SENATORS ASK FOR UNEMPLOYMENT MONEY FROM STIMULUS
|Senator Kirk Watson of Austin argues the importance of federal stimulus money for the state's unemployment insurance system.|
(AUSTIN) — A group of Senators came together Tuesday to ask Governor Rick Perry to accept more than $550 million in more money from the Federal stimulus package for unemployment insurance in Texas. Some lawmakers have balked at this idea, saying it would require the state to reform its unemployment policies. The Senators gathered Tuesday said increasing unemployment in the state means more money for out-of-work Texans is critical. "I've heard the concerns that the unemployment funding in the Federal stimulus package comes with strings attached. Quite frankly, I don't care," said Houston Senator Rodney Ellis. "To a Texan who has lost a job and worries how they are going to pay their bills, the aid isn’t a string; it’s a lifeline."
Under the Federal stimulus bill, in order to receive money for unemployment insurance, states must adopt through statute. Federal standards for benefits. For Texas, this would mean a number of changes. First, the state would have to adopt the alternative base period, where benefits are based on the claimant's income based on the previous four quarters employment. Next, the state would have to adopt two of the following reforms: extend benefits to part-time workers, extend benefits for workforce training, or benefits for workers who leave employment to follow a spouse who is relocated.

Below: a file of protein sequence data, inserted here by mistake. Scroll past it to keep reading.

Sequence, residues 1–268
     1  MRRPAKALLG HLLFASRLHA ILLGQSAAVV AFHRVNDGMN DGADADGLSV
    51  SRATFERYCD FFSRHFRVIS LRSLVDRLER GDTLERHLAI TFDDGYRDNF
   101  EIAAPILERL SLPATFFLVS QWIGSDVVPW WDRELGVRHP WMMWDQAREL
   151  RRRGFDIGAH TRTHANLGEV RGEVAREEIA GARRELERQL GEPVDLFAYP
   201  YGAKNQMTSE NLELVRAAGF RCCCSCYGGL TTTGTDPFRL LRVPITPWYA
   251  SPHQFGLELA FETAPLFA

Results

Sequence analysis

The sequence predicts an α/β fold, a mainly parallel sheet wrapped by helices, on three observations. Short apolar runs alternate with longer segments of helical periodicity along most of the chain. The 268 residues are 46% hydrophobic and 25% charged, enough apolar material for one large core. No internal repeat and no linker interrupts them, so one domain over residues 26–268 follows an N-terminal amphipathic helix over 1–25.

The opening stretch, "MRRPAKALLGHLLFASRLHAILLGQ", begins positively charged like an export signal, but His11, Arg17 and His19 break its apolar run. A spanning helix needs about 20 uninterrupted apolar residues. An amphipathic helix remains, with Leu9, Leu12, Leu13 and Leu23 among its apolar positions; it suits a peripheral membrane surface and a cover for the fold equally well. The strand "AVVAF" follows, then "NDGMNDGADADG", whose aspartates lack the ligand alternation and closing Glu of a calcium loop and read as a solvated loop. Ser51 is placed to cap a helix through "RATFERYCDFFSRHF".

|Dallas Senator John Carona describes his bill which would enhance penalties for gang related crimes in areas frequented by children.|
This money could be timely, as funds continue to drain out of the state's unemployment benefit trust fund. Unemployment in Texas has increased by 111,000 lost jobs last year, and 8 percent of Texans could be out of work by the end of 2009. Senator Kirk Watson of Austin recounted testimony of gubernatorial appointee Thomas Pauken before the Senate Nominations Committee last week. Pauken, Perry's pick to head the Texas Workforce Commission, said the unemployment fund could be out of money by the end of October, and to replenish it, the state would have to borrow money or raise taxes on employers. "Pass the needed reforms in the law," said Watson, "and accept this money, at a time when anyone who is really paying attention to the people on this [issue] will tell you, we're in dire circumstances."
Also Tuesday, Senator John Carona of Dallas announced the filing of a bill intended to enhance penalties for gang-related crime. SB 1256 would create "No-Gang Zones" in places frequented by children, such as schools, playgrounds and youth centers. Similar to "Drug-Free Zones" already in law, gang-related crimes in these areas would carry harsher penalties than if committed elsewhere. Carona said tougher laws are needed to deal with escalating domestic and trans-national gang crime in Texas. "Zero tolerance perception is really the key," he said. "Gang members intending to commit criminal acts will become keenly aware of the stiffer penalties they face if they choose to commit crimes in these zoned areas." SB 1256 is one of 16 bills Carona will file this session to address gang-related crimes in Texas.
The Senate will reconvene Wednesday, March 4 at 11 a.m.